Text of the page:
Tropical Paradise, the sign promised as I stood in ankle deep snow on the side of a road in Etobicoke. It was Sunday and amidst extreme cold weather alerts and warnings of freezing rain, I had decided I wanted to read in a park.
Usually I head to Allan Gardens, a park in the east side of downtown with a beautiful, historic conservatory–one of the oldest in North America in fact. It may smell a bit pungent and small drops of condensation may drip on your head but it’s one of the only places to go and get a dose of green in the middle of a long winter.
The other is located about an hours transit ride west to the farthest reaches of Etobicoke in Centennial Park in Ward 3. The conservatory there is helped out by the volunteer-based Friends of Centennial Park Conservatory, which raise money for improvements through events. It’s free and open 7 days a week 365 days a year from 10am to 5pm (more here).
After an unexpected 25-minute wait at Royal York Station because Google sucks at bus schedules, I boarded the 48 Rathbury which lets you off right at the bottom of a short road that leads up into the park to the conservatory building.
About 50 children and their parents, bundled up like colourful marshmallows, were sledding on a small hill at the base of the park in stark defiance of the Toronto Star commenter who claimed that “most nature loving people in burbs tend to emerge in the warmer months.” Parks are often stunningly beautiful in the winter, and besides that there is sledding, skating parties, hot chocolate, and campfires. One thing I’ve learned about living in Toronto is that you have to get outside in the winter, even when it’s freezing, otherwise you go nuts.
But sometimes inside is more inviting. And the conservatory building looked very welcoming with the glimpses of green through its fogged up windows. There are two smaller sections branching off from a larger, central space where trees and tropical plants soar up to the high ceilings. I loved the arid house where all manner of funny looking cacti live, but sadly there were no benches in this section. A sign imploring visitors to leave their signatures in the visitor’s book was set up next to a meaty looking succulent with broad fronds that I suppose at some point a few dumb people had decided was a good surface on which to leave their autographs. Don’t tag the plants, people.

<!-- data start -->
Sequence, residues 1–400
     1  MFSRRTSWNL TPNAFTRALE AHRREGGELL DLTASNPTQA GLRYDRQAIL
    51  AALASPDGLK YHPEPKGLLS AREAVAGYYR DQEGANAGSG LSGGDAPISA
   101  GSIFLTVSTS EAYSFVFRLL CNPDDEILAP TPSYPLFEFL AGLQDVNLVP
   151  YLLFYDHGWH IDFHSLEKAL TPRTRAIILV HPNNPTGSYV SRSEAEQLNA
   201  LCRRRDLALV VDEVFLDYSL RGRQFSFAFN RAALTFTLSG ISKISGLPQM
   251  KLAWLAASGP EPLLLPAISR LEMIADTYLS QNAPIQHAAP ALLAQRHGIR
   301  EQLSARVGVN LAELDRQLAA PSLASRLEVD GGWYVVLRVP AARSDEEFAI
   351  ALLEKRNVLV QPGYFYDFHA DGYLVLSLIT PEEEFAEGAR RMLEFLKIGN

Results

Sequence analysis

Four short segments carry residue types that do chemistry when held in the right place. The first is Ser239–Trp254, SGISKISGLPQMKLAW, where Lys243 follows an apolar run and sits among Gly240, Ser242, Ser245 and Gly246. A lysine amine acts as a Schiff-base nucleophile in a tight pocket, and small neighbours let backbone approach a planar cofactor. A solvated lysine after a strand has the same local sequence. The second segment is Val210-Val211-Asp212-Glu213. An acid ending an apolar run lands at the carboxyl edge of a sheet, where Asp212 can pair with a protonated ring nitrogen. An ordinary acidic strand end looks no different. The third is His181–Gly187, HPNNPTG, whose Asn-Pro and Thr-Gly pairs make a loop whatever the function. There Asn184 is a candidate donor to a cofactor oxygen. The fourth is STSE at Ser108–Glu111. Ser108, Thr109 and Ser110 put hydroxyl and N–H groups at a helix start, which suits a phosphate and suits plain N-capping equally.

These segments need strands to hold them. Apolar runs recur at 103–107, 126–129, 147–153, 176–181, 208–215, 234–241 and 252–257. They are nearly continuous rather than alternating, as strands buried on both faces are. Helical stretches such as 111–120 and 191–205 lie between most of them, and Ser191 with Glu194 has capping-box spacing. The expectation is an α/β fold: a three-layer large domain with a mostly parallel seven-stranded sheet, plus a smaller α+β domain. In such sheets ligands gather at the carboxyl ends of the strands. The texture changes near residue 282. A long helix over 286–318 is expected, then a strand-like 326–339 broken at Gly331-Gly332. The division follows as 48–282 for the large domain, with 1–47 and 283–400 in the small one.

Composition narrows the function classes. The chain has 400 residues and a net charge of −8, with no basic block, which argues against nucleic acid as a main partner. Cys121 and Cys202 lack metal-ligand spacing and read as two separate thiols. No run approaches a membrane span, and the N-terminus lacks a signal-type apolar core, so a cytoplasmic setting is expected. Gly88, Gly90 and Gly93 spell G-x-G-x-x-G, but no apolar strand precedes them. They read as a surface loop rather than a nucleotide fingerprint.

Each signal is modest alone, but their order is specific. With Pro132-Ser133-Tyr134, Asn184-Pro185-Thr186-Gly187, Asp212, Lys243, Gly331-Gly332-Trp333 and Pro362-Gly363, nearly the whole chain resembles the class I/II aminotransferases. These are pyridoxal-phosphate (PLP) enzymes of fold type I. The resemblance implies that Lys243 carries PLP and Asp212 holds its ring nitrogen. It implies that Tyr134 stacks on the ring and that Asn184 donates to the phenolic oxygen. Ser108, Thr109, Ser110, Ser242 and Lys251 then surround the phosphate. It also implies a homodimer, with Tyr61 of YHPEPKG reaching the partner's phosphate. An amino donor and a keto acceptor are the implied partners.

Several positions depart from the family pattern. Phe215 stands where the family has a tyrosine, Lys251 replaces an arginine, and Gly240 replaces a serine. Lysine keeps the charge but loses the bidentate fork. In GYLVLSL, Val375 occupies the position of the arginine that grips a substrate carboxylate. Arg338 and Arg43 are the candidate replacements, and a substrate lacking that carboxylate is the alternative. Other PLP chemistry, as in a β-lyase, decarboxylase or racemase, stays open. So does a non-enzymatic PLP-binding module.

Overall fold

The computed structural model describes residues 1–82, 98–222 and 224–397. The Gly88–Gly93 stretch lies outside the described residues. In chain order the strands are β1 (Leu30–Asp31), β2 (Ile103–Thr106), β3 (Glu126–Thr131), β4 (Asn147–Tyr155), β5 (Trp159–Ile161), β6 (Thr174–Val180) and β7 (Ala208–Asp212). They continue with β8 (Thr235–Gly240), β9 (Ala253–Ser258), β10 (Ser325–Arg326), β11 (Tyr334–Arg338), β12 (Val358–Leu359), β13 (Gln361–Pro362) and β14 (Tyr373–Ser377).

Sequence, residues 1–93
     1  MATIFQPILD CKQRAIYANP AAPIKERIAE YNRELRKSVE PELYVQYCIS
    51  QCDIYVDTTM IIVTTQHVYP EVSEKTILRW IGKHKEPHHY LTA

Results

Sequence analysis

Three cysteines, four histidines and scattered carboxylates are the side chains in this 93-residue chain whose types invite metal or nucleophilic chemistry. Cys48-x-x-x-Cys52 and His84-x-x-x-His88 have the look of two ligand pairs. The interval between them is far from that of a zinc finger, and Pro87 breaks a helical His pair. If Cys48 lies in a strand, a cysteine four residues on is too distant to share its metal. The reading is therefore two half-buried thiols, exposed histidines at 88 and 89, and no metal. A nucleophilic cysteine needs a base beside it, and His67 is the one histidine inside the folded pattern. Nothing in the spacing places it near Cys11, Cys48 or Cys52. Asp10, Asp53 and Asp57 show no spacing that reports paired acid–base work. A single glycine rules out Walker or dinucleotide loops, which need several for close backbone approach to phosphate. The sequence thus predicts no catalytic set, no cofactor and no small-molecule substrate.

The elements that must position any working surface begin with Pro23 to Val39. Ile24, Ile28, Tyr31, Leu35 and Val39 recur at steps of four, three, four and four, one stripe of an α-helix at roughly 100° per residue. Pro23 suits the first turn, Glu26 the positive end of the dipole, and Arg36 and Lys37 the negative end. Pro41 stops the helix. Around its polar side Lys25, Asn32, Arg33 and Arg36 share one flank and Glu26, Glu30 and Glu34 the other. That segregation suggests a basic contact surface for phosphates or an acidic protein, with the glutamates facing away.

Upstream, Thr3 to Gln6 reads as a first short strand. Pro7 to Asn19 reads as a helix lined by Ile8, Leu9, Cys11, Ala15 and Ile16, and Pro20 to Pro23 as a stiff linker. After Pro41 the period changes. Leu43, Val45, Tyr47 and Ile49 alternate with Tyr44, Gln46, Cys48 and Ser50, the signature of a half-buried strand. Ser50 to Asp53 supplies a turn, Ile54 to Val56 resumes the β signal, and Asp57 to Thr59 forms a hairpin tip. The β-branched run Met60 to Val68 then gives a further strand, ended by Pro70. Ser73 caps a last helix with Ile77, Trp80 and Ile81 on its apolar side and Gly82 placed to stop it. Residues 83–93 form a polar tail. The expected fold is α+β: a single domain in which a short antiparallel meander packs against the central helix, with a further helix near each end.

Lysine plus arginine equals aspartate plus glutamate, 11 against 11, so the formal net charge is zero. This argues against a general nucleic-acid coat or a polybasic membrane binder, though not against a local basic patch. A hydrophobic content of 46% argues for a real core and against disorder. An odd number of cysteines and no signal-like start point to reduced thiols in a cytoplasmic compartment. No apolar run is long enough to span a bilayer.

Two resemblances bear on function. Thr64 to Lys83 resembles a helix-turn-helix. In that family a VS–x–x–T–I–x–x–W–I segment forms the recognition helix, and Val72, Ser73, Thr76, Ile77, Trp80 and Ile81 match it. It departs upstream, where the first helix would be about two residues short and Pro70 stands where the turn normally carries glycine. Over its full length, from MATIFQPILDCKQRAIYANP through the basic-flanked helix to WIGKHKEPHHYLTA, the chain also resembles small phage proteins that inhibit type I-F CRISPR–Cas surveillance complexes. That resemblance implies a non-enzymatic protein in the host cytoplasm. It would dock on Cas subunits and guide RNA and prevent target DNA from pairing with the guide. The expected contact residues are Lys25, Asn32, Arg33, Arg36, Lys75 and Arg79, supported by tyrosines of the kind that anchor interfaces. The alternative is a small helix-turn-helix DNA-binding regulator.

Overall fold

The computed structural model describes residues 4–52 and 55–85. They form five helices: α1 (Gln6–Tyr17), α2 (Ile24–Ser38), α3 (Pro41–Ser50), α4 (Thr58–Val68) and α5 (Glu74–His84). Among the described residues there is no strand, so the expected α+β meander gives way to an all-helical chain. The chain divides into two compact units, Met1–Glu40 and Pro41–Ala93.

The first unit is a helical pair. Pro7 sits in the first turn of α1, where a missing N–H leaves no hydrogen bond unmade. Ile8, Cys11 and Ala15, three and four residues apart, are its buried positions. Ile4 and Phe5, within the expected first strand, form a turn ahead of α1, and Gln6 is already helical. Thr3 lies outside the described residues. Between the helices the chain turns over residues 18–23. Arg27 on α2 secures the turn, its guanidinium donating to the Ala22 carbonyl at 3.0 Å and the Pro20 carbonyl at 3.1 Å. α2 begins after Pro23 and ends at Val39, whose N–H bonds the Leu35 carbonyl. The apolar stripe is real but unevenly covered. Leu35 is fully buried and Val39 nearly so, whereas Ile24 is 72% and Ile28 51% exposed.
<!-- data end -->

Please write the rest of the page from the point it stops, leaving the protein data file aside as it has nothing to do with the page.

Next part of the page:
The conservatory was pretty quiet, which was nice. Quiet, that is, except for Angel, the conservatory’s resident cockatiel. Angel lives in a cage in the central building, but is let out each morning from 7am to 10am to explore. He stared out at me with a flat, glassy black eye, fanning his yellow-tinged white feathers below him. A sign posted nearby said that if you sang “Twinkle, Twinkle, Little Star” he will dance. I whisper-sang it to him, but he just looked at me unimpressed.
People drifted around the building, many with large cameras around their necks. A man set up a tripod next to me and took a bunch of pictures of a lovely white flower. There is a small pond where orange fish swim around. A young couple took a few selfies. A small boy spit at the fish.
I found a nice bench to sit on and cracked my book. Two teenagers kept walking by, whispering, and ducking into the washroom before drifting back out into the arid house. No diss to the conservatory, but it doesn’t really seem like the kind of place that many teenage boys would find interesting. Then I went to the washroom and discovered bits of ash on the ground and a whiff of smoke. Ah, got it.
The conservatory: something for everyone on a cold winter day.
This post is part of the City within a Park series where I’m visiting a park I haven’t been to in every one of Toronto’s 44 wards in 2015. (Also, sorry if you see ads here. I can’t control it.)